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I’m the bank, trust me

Over the past six months we have learned of major data breaches in large corporations, and many Australians have taken steps to avoid becoming victims of various scams. But if we receive a text or phone call from our bank – that looks genuine – how can we be sure it is?

The ACCC’s Scamwatch warned this week that scammers are using new technology to trick their victims, by making the call appear to come from the bank’s legitimate phone number or by sending a text that appears in the same conversation thread as genuine bank messages.

“We are incredibly concerned about bank impersonation scams because they can be so convincing, they are very hard to detect,” ACCC Deputy Chair Catriona Lowe said.

“What’s equally worrying about this particular scam, is that it is emptying every last cent out of victims’ savings accounts, with losses averaging $22,000 and more than 90 reports of losses between $40,000 and $800,000. This causes both financial and emotional devastation.

“We know of a man who lost over $500,000 after receiving a call from someone claiming to be from a major bank’s security department, wanting to know if a payment had been authorised.

“In another case, a man lost $38,000 after receiving a scam text message about a suspicious transaction. The scam text appeared in the same conversation thread as legitimate messages from his bank. He called the number in the text and was put through to a member of the banks’ fraud team. Unfortunately, it was an elaborate scam and he lost everything”, Lowe said.

Bank impersonation scams impersonate the big four banks as well as other financial institutions. And it’s no small matter; Scamwatch received 14,603 reports about bank impersonation scams in 2022, resulting in more than $20 million in losses. Total losses to phone and text scams increased significantly last year, with over $169 million lost.

Dodgy communications often have a sense of urgency to them, such as fraudulent activity raising red flags, or a frozen account.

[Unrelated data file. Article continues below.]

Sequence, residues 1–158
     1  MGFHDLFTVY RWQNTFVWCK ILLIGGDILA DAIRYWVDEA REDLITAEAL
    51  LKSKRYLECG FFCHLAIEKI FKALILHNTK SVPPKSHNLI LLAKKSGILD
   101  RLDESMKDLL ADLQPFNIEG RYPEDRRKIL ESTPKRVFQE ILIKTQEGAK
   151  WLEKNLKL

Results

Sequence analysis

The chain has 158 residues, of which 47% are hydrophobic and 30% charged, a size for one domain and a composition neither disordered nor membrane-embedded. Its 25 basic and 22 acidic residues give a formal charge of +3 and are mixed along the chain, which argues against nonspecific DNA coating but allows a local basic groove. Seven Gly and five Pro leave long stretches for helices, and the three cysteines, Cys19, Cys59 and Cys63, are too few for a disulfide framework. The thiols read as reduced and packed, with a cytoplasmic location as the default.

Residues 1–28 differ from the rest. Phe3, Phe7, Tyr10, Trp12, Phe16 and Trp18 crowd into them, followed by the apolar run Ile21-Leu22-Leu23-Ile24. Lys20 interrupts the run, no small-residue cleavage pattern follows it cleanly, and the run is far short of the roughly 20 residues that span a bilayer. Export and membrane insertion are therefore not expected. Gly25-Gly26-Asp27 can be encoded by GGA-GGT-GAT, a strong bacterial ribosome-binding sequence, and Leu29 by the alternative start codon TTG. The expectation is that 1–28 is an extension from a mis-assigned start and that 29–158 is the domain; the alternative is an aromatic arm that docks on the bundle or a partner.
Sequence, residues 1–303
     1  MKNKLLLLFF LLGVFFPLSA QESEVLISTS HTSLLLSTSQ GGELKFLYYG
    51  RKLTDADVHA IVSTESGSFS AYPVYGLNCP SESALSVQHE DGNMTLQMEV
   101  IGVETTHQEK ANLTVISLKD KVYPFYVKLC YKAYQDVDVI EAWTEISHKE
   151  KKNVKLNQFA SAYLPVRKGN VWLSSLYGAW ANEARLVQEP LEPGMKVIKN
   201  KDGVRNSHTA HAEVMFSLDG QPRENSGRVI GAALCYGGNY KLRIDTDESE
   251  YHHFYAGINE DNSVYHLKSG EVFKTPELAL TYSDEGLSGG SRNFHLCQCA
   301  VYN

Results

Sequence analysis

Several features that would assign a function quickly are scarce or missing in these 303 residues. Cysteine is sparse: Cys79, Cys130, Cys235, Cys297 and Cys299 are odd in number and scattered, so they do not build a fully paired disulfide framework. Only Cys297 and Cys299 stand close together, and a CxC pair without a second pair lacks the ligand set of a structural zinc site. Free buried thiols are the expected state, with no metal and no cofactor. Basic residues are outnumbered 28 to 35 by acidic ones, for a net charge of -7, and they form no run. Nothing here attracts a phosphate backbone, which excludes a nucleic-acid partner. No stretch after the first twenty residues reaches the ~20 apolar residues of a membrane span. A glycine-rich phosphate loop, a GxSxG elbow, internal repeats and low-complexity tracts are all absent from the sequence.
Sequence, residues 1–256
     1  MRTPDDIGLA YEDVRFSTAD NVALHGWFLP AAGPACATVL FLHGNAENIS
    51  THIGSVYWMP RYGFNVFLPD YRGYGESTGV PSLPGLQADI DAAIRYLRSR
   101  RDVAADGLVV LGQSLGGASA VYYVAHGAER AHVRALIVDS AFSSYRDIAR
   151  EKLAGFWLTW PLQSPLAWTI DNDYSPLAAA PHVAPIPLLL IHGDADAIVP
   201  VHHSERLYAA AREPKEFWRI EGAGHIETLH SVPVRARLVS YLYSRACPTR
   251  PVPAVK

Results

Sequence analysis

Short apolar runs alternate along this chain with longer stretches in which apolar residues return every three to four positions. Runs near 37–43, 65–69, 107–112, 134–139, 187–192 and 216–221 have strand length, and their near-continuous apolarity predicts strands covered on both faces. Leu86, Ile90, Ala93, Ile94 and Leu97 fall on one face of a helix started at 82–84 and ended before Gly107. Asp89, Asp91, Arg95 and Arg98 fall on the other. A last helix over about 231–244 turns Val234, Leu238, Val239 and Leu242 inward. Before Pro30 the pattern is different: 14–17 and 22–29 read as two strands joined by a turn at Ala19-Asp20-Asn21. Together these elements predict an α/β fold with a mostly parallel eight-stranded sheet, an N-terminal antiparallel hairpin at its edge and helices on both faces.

“It is critical to remember that no matter how legitimate the call or message seems, a bank won’t ask you to urgently transfer funds”, Lowe said.

“If you receive an SMS with a telephone number to call, do not use it. Instead, call your bank direct on a number you have sourced yourself. Likewise, hang up if you receive a call from someone claiming to be from your bank requesting you to transfer money to ‘keep it safe’. Ask for a reference number and call your bank back using contact details you have found independently.”

Never provide online banking passwords, one-time security codes, pins or tokens to anyone over the phone. Contact your bank or financial institution immediately if you think you have been scammed.

“Following recent mass data breaches, many Australians were encouraged to monitor their accounts for suspicious activity. Sadly, this has led to consumers acting on these scam calls and text messages out of fear that their accounts have been compromised”, Lowe said.

Top tips for avoiding scams:

Stop – take your time before giving money or personal information.
Think – ask yourself if the message or call could be fake?
Protect – act quickly if something feels wrong. Contact your bank and report scams to Scamwatch.

Signs of a bank impersonation scam:

– There is a sense of urgency or threat to the message – “your bank account has been accessed”, “your bank account has been locked” “a payment has been made from your account. If this was not you, please call (phone number)”.
– The message looks different to other messages in the SMS thread, such as different wording or phrases used.
– The message may contain a suspicious looking link. Never click on links.
– The SMS has a telephone number to call – always find your bank’s phone number independently.
– The caller will tell you to transfer money to a different account to ‘keep it safe’ or for ‘further investigation’. This is not standard procedures for a bank. It is a scam.

About Adam Nobel

CEO | Principal
M. Bus, Grad Dip Adv, B.Int Bus, LREA


0417 007 001

Adam is the founder and Principal of Hugo Alexander Property Group. With a previous career in advertising, 22 years experience in property investment, and 16 years in Brisbane real estate, he knows the market inside out to ensure his clients grow their wealth faster.

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